ARI SHAPIRO, HOST:
If you're the type of person who checks your work email right before bed and just as you wake up the next day, you might know the word burnout, but you may not know the story behind it. Noel King from NPR's Planet Money podcast tells us about the man who coined the term burnout and then found a sort of solution.
NOEL KING, BYLINE: In the early '70s, Herbert Freudenberger had a successful psychology practice on New York's Upper East Side. He was a serious, driven man. He'd survived the Holocaust and moved to the U.S. as a kid. Here's his daughter Lisa Freudenberger. Her dad died in 1999.
LISA FREUDENBERGER: His childhood kind of stopped at 7 or 8 because he had then had to grow up pretty quickly and survive in a new country.
KING: In the States, he was taken in by an aunt who was cruel to him. She made him sleep in an attic. In his teens, he ran away and lived on the street for a while.
Herbert grew up to become someone who was always pushing himself to help more people. That's why in addition to his practice on the Upper East Side, he opened a clinic on the Bowery - New York's Skid Row. He worked with drug addicts.
LISA FREUDENBERGER: These young people were really struggling.
KING: A lot of his clients - kids - were just fried.
LISA FREUDENBERGER: He would see them literally holding cigarettes and watch the cigarettes burn out.
KING: He'd pull 12 hours on the Upper East Side, then he'd go down to the Bowery and work until 2 a.m.
LISA FREUDENBERGER: He began to get more and more fatigued, and he began to get stressed. And he was not that pleasant to live with. He was...
KING: What was that like? Was he a yeller?
LISA FREUDENBERGER: Yeah, yeah. He had - he didn't use his inside voice, shall we say, so...
KING: So his kids tried to stay out of his way. When Lisa was about 5, her mom booked a family vacation to California. On the day they were set to leave...
LISA FREUDENBERGER: He couldn't move. He couldn't get out of bed.
KING: Herbert realized something was wrong. But he was a therapist, so he started self-analysis.
LISA FREUDENBERGER: He would speak into a tape recorder for an hour or two, and then he'd take a little break. And he'd then analyze himself as if he was his own doctor.
(SOUNDBITE OF ARCHIVED RECORDING)
HERBERT FREUDENBERGER: I don't know how to have fun. I don't know how to be readily joyful.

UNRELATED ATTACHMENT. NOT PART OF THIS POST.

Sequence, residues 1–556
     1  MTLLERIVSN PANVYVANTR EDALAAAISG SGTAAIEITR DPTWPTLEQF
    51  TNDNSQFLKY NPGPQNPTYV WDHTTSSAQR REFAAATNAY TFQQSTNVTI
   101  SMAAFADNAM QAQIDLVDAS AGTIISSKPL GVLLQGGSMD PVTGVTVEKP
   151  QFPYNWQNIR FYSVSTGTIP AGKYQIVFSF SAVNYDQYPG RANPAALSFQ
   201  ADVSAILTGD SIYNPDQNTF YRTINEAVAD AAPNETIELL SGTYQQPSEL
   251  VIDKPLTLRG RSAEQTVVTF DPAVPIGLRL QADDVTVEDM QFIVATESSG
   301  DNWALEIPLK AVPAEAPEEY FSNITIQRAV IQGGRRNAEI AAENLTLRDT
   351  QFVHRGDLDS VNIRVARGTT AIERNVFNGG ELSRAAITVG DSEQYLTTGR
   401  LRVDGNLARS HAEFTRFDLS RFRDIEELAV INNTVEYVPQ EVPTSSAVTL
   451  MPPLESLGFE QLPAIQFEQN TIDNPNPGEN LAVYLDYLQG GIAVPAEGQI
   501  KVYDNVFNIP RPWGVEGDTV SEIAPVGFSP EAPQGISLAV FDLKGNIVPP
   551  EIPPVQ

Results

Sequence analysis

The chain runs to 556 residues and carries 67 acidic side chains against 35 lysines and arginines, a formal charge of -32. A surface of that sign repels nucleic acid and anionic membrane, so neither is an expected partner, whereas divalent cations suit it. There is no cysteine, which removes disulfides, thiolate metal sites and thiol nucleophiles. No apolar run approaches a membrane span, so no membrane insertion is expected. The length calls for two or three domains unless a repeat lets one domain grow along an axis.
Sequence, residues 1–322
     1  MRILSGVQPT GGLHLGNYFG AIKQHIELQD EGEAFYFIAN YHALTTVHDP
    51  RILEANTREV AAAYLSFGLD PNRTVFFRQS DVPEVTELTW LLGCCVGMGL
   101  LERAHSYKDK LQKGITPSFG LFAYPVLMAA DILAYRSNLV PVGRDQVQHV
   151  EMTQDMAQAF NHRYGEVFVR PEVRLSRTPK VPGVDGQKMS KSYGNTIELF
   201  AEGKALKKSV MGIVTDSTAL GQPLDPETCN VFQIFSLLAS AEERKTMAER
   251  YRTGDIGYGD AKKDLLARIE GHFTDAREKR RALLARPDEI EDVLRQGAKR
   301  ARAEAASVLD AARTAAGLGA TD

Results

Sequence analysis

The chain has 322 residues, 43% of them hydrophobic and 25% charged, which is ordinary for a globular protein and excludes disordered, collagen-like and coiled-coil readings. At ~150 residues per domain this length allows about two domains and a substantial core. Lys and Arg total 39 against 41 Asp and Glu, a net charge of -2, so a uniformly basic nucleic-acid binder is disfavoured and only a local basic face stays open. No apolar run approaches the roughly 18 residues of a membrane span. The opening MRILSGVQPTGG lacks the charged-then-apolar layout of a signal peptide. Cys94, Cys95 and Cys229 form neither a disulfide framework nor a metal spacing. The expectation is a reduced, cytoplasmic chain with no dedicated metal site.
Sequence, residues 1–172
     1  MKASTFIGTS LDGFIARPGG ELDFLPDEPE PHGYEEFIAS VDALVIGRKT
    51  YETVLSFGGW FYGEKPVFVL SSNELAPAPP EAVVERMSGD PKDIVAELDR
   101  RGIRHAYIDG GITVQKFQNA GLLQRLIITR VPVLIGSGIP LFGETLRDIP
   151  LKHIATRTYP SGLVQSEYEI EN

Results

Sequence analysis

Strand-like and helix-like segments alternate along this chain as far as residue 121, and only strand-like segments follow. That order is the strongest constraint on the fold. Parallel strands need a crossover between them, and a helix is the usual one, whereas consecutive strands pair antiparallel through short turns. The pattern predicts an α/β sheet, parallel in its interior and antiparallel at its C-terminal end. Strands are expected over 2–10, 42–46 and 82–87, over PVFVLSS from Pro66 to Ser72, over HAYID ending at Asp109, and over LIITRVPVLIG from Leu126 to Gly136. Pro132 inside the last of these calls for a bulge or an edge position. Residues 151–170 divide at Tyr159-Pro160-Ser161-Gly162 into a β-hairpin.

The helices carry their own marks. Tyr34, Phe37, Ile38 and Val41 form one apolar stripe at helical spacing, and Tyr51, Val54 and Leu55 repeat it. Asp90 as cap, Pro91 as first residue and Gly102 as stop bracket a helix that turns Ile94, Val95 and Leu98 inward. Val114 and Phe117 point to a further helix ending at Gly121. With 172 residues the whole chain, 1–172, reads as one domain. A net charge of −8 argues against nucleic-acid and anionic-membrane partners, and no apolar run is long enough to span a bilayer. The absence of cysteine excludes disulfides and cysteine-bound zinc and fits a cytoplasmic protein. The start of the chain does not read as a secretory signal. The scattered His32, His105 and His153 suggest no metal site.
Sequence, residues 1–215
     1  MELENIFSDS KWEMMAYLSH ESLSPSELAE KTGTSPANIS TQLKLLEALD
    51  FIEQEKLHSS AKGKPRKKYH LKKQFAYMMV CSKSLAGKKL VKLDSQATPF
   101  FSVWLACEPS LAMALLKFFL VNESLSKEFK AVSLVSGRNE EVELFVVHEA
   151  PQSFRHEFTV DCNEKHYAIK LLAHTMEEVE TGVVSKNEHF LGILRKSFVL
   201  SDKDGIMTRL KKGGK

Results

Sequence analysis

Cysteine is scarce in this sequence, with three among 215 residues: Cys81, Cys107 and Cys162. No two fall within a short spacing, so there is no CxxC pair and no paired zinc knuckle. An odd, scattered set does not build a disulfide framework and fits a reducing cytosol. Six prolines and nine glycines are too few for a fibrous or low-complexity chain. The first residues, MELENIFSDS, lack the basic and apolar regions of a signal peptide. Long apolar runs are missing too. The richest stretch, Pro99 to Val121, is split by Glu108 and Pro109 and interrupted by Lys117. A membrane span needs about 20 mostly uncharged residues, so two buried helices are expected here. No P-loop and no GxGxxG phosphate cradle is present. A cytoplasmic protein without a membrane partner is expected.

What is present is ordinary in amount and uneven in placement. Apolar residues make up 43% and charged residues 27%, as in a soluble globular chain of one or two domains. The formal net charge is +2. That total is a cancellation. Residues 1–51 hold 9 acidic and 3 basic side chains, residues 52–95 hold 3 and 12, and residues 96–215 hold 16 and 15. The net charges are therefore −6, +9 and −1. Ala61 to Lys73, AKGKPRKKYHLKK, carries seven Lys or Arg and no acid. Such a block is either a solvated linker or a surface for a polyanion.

KING: That was Herbert in an interview he did with the Shoah Foundation. It wasn't just exhaustion. It wasn't exactly depression. It was something new. His mind went to the drug addicts down on the Bowery with their blank looks and their cigarettes burning out.
He called his illness burnout. He wrote a book - "Burnout: The High Cost Of High Achievement." It was a hit. Stressed out social workers and doctors and housewives were like, I have that. Herbert went on "Oprah" and "Phil Donahue," and here he is on ALL THINGS CONSIDERED in 1981.
(SOUNDBITE OF ARCHIVED BROADCAST)
H. FREUDENBERGER: Burnout really is a response to stress. It's a response to frustration. It's a response to a demand that an individual may make upon themself in terms of a requirement for perfectionism or drive.
KING: But burnout isn't in the DSM - the official listing of mental disorders from the American Psychiatric Association. And to this day, companies struggle with workplace burnout. Is it overwork? Is the problem individuals or the environments they work in?
Herbert Freudenberger found a solution of his own. After burnout became part of the cultural conversation, he didn't work any less. But when he wasn't working, he was able to enjoy life. The family even managed to get him to take a vacation at a lake in upstate New York, and Lisa says he seemed happy.
LISA FREUDENBERGER: He says come; let me show you how I swim; let me show you how I swim. He then got into the lake, and he proceeded to do a dead man's float. And I'm, like, waiting to see any flapping of the arms or flapping of the legs or something - stayed there, got up with the biggest grin. And I could see, like, this inner child in him just flourished. And he was so proud. He goes, did you see me swimming? I'm like, yes, Dad - fabulous.
KING: The recognition of his work, she says, had made him a different person. Noel King, NPR News.
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